Our Aims and Objectives

We are the UK association for all those who research, study and teach global development issues

Find Out More

What is Development Studies

What is development studies, why it matters, how you can study and career prospects

Find Out More

Our Members

We have around 1,000 members, made up of individuals and around 40 institutions

Find Out More

Governance

Find out about our constitution and how we are run

Find Out More

People

Meet our Council members and other stuff who support the running of DSA

Find Out More

About

The DSA Conference is an annual event which brings together the development studies community

Find Out More

DSA2021

Our conference this year is themed "Unsettling Development"

Find Out More

Past Conferences

Find out about our previous conferences

Find Out More

Study Groups

Our Study Groups offer a chance to connect with others who share your areas of interest

Find Out More

Students and ECRs

Students and early career researchers are an important part of our community

Find Out More

Publications

Our book series with OUP and our relationship with other publishers

Find Out More

North-South Research

A series of workshops exploring North-South interdisciplinary research with key messages and reports

Find Out More

Membership Directory

Find out who our members are, where they are based and the issues they work on

Find Out More

Critical perspectives on social protection and social policy reforms in developing countries

Jeremy Seekings, University of Cape Town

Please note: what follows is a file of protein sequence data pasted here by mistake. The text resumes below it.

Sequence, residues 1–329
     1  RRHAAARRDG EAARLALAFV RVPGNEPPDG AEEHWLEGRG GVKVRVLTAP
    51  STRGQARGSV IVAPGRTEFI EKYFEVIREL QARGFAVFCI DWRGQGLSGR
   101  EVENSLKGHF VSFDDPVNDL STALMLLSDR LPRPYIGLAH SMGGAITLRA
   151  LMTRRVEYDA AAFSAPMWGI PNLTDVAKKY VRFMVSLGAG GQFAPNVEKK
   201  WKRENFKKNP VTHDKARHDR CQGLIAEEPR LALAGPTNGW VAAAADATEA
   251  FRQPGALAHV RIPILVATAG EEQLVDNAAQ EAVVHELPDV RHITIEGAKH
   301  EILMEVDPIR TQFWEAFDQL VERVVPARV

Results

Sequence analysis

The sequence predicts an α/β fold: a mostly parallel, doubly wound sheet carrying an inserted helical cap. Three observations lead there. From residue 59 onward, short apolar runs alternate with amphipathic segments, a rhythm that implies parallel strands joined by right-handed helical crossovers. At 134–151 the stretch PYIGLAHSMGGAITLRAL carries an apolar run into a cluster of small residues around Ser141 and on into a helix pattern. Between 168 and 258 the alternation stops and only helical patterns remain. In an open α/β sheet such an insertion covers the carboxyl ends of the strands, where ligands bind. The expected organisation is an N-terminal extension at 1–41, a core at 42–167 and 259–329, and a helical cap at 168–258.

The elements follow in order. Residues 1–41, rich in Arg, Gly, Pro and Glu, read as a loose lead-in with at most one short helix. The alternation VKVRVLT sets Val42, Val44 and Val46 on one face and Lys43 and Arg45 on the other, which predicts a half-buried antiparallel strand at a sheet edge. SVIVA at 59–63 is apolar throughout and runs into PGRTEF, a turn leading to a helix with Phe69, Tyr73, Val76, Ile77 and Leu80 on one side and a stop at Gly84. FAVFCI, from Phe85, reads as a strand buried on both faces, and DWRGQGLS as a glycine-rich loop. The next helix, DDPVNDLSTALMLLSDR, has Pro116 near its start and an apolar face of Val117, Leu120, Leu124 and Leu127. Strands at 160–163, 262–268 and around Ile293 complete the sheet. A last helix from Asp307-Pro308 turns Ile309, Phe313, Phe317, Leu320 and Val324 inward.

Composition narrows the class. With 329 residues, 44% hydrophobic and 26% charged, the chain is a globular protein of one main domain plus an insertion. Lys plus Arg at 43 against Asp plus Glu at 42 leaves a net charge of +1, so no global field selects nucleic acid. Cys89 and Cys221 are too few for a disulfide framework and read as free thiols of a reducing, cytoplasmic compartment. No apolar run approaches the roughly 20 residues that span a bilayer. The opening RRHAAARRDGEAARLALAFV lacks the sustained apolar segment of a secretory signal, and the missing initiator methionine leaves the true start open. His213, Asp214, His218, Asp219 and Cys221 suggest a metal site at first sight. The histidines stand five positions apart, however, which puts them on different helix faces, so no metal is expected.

The panel explored the complex power relations between various actors that influence social policy ideas and praxis in developing countries. It invited critical inquiries that explore the possibility that social policies might reproduce inequalities and poverty, even whilst claiming to address them.

The panel featured eleven papers over four and a half sessions. Unfortunately, a number of scheduled presenters failed to attend. The Shindig technology was brilliant but connectivity was a problem for presenters in (for example) India (during the monsoon or Nigeria (at any time). Nonetheless, we had a series of excellent discussions.

We had three excellent presentations on Africa, by Kate Pruce (on the gendered implementation of social grants in Zambia), Liz Fouksman (on popular assessments of deservingness in South Africa) and Betty Akyeampong (on the implementation of LEAP in Ghana). Two presentations focused on Latin America: Xavier Jara and Maria Gabriella Palacio presented their analysis of the feasibility of a universal income grant in Ecuador and Beatriz Burattini examined aspects of family policy in Brazil. Presentations by Resya Kania and Thelda Pongsilurang focused on poverty reduction in Indonesia. Presentations by Ujjwal Krishna/Chris Roche and Nalini Yadav focused on India. Finally, Michael Odijie/Gbenga Shadare and Nathaniel Umukoro examined social protection in Nigeria.

The absence of some presenters meant that we had more time to discus the papers that were presented, and we used that time well. To my mind, two themes stood out. The first is the importance of examining the view from below in order to understand the implementation of social protection programmes. The second was the importance of critical reflection on the methods we used when analysing policy-making processes.